Eunice Kennedy & The Special Olympics At 50
The seeds were planted in 1946 when clan patriarch Joseph Kennedy, Sr. created a foundation to better the lives of the mentally disabled. But it was Joe’s daughter, Eunice Kennedy Shriver, who picked up the mantle and helped launch the first Special Olympics World Games on July 20, 1968.
A life-long advocate for the intellectually handicapped, Eunice leveraged her family’s resources and connections to bring to light the marginalization of children and adults suffering from mental retardation.
Her efforts coincided with pioneering research in the 1950’s and 1960’s that showed that physical exercise and activities for special needs children resulted in positive effects that also carried over to the classroom.
With 1,000 athletes from the U.S. and Canada, the first Special Olympics took off at Soldier Field in Chicago as a joint venture between the Kennedy Foundation, which kicked in $25,000, and the Chicago Park District.
The first events- Track & Field, Swimming and Floor Hockey- eventually morphed into today’s 32 Olympic style competitions that are offered in both summer and winter seasons.
Only six weeks after her brother Robert Kennedy was assassinated, Eunice opened up the Games in front of a crowd of less than 100 attendees.
Declaring that one day a million of the world’s intellectually challenged athletes would compete at the Special Olympics, her prediction was understated.
Fifty years on, 5 million athletes and their unified partners are active in training and competing at these special sports programs, which span 170 countries.
Fighting the prevailing thought of the day wasn’t easy. One of the volunteers looking for donations to the inaugural Games was told “You should be ashamed of yourself putting these kind of kids on display!”. The comment came from a representative of Tribune Charities.
For the blue-blooded New Englander, the drive to reach out and improve the lives of retarded individuals had personal roots. One of nine children born to Joe Kennedy and Rose Fitzgerald, the family’s oldest daughter Rosemary was developmentally-challenged.
The foundation that Joe Sr. had originally established was named after his eldest son, Joe P. Kennedy Jr. who was killed in World War II flying a B-24 bomber. But the organization’s mission statement made no mention of Rosemary who had already been institutionalized for several years.
At age 23, Rosemary disappeared from the Kennedy spotlight after a botched frontal lobotomy left her incapacitated. The procedure was new for the time and was authorized by her father without the knowledge of her mother.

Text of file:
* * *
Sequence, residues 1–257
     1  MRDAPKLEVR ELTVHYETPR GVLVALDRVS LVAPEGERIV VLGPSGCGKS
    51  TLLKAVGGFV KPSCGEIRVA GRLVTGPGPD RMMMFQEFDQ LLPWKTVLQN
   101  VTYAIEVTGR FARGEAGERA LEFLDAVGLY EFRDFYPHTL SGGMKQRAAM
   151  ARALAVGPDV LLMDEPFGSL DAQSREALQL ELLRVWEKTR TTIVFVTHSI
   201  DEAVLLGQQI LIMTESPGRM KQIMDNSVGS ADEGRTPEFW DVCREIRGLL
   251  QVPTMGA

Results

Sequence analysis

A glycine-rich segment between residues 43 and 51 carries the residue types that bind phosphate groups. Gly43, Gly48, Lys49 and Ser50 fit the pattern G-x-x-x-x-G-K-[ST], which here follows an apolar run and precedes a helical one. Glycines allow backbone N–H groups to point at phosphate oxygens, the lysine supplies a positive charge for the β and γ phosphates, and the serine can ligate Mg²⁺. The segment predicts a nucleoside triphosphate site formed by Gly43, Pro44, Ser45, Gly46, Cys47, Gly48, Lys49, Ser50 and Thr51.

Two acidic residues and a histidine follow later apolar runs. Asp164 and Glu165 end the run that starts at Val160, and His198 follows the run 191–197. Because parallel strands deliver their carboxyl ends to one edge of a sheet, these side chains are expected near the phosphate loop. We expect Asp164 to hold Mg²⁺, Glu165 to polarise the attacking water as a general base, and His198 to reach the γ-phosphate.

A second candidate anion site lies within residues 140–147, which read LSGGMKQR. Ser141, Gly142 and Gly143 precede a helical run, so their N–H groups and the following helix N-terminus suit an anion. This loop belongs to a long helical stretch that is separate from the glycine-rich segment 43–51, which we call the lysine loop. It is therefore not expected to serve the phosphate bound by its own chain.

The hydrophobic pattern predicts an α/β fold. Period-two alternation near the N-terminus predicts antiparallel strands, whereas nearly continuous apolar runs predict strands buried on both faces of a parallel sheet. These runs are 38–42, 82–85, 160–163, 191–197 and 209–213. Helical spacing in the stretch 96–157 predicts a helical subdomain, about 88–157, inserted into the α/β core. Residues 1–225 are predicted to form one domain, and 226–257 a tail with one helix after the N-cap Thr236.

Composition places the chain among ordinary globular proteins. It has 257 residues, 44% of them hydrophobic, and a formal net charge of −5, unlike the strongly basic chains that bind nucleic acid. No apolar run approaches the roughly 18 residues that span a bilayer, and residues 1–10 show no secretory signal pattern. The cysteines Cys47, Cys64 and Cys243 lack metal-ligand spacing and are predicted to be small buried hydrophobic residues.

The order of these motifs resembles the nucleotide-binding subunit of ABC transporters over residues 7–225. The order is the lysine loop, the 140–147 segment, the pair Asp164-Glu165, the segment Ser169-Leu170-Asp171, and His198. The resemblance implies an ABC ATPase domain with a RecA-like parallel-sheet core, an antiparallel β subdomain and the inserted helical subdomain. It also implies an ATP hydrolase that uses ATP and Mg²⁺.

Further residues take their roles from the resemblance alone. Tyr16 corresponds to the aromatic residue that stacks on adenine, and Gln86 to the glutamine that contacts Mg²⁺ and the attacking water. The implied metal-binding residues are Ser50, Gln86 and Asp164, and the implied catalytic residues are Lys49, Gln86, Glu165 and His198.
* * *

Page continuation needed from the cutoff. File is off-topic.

Throughout most of her adult life, Rosemary was carefully concealed from the public eye, seen as a shameful mark and liability for a family of political overachievers.
Until her condition was revealed for the first time in a 1962 watershed article written by Eunice, Rosemary was simply described by the Kennedys as shy and withdrawn.
When Eunice invited her sister and other mentally retarded guests for a swim at her Maryland farm in the summer of 1962, she started a tradition that evolved into something grand and transformative.
Camp Shriver, which ultimately led to the Special Olympics, became a sports-focused therapeutic enterprise, shedding the old stereotypes that kids with special needs were difficult, unteachable and belligerent. Guests were also paired with volunteer mainstream kids to help build social interaction, leading to unified sports initiatives.
A tireless champion for her cause, Eunice received countless recognitions, including from the sporting world.
At the 2006 NCAA Centennial celebration, she was listed as the 9th most influential person in the organization’s history. Two years later, ‘Sports Illustrated’ named her as first recipient of the Sportsman Of The Year Legacy Award.
The grand dame died on August 11, 2009, but not before leaving behind one of the richest sports legacies today.
OLYMPICS August 8, 2008 The 29th Olympics open in Beijing, China with nearly 11,000 athletes competing in 28 different sports. It was the most watched sporting event in history with 2/3 of the world’s population tuning in. The U.S. took home the most medals at 112. Though, the host surpassed the U.S. in the gold count: 48 versus 36.
BASEBALL August 9, 1998 Atlanta Braves’ Dennis Martinez sets a record for most wins by a Latin American pitcher after defeating the San Francisco Giants 7-5. Nicknamed “El Presidente”, Martinez was the first Nicaraguan to play in the majors. Starting with the Baltimore Orioles in 1976, he retired after 23 seasons playing for 5 teams with a win/loss record of 245/193.
SWIMMING August 10, 1988 Matt Biondi brakes a world record at the U.S. Olympic Trials, swimming the 100m freestyle in 48.42 secs. A month later at the Games in Seoul, Biondi would take gold in the same event and set a new Olympic record of 48.63. Competing in 3 Olympiads, the American aqua-champ retired with 11 medals (8 gold).
GOLF August 6, 1978 John Mahaffey recovers to win the PGA Championship in a playoff shootout against Tom Watson and Jerry Pate. It was the best come-back performance in PGA history after he trailed Watson by seven strokes with 14 holes to go. It was Mahaffey’s only major victory of his career, which included 15 professional wins.